I'm experimenting multicast file transfer using a simple low level multicast transmit/receive software (
I'm wondering why the performance premium of a Gigabit Ethernet over a Fast Ethernet (100Mbps) is just aroud 10%. Of course I never expected to go 10 times faster, but, at least, to double the speed.
I disabled any multicast/broadcast storm control on my NetGear Switch. The switch has a 50Gbit bandwith and there's no other network trafic on it (it's a lab environment). Both servers I'm using have integrated Gigabit Broadcom with hi-speed PCI-E connection to the bus.
I suppose there's something I'm missing. Any idea ?
The program directly report the time needed to transfer the file. My file is 1GB big, so the initial and final overhead is trascurable. In any case the the trasfer rate reported is around 80Mbps for a Fast Ethernet (very cool ! almost the maximum speed of the LAN) and around 90Mbps for a Gigabit Ethernet (very poor). The hard drives are not the bottleneck, because I'm using a stiped set of 15K RPM SCSI drives (disk to disk copy is much faster). My guess is that there's a limitation due to 802.3 frame packet size (1,5K) that is not enough for a gigabit bandwith. I'd like to try Jumbo Frames, but I cannot find any multicast application that uses them.
Another guess is that there's some bandwith limitation in Windows sockets. I'll try later the same with a Linux box.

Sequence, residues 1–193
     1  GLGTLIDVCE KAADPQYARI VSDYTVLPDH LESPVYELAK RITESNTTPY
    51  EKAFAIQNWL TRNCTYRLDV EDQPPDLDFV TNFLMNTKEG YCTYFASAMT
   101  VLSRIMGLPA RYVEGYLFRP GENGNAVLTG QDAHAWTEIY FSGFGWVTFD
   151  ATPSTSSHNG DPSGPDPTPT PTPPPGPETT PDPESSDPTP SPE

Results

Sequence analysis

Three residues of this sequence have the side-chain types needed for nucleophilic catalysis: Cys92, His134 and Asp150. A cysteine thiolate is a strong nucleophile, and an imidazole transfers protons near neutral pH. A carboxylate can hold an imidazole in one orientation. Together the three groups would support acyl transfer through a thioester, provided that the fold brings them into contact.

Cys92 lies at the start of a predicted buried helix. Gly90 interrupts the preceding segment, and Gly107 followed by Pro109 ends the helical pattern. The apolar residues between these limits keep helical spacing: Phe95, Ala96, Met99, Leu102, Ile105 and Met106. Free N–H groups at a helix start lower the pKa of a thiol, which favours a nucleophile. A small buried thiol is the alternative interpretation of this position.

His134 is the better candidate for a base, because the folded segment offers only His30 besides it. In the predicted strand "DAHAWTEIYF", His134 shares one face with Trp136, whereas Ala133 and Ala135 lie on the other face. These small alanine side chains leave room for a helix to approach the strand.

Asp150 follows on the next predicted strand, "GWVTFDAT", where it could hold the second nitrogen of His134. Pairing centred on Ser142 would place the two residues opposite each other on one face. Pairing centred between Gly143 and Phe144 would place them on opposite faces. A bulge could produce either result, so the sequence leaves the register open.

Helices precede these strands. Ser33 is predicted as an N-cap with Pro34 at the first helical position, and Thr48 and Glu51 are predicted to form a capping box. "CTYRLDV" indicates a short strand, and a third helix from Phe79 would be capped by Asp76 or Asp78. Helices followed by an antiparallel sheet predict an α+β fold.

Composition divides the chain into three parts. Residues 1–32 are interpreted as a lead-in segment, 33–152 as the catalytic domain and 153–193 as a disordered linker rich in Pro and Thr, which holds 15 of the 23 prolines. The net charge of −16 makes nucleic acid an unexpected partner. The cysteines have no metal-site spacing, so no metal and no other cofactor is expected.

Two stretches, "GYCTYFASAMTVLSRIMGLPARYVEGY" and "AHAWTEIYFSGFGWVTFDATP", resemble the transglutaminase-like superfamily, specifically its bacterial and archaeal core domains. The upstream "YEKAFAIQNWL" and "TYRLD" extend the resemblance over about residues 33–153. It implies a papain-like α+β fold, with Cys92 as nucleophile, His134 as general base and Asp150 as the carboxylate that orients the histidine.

UFTP is capable of high speeds over gigabit. Between two Solaris 8 servers (SunFire 240) over a gigabit crossover line with no other traffic, I was able to get file transfer speeds of around 400Mbps. Granted, this is an ideal network situation, but it demonstrates that the software can handle these kind of speeds. This speed bettered standard FTP over the same link by about 10%. In a real world scenario you might get a little less, since UFTP uses exactly as much bandwith as you tell it, which could potentially flood out other traffic on the network.
I never had the environment to test UFTP between two Windows PCs at that speed, so I can't say exactly how it could or should behave. It would be interesting to see how the speeds you saw compare to standard FTP in this situation.
You'll probably get differing results for very large files as opposed to medium-sized ones. I did some similar tests a while ago between Windows 2003 servers and graphed the network throughput using task manager. With a huge file the transfer ran at blazing speed until the server's memory buffer was exhausted then settled back to around a third of that value for the rest of the copy. With a smaller (but still big) file the transfer was able to take place fully into memory, so based on a simple size/time result it appeared faster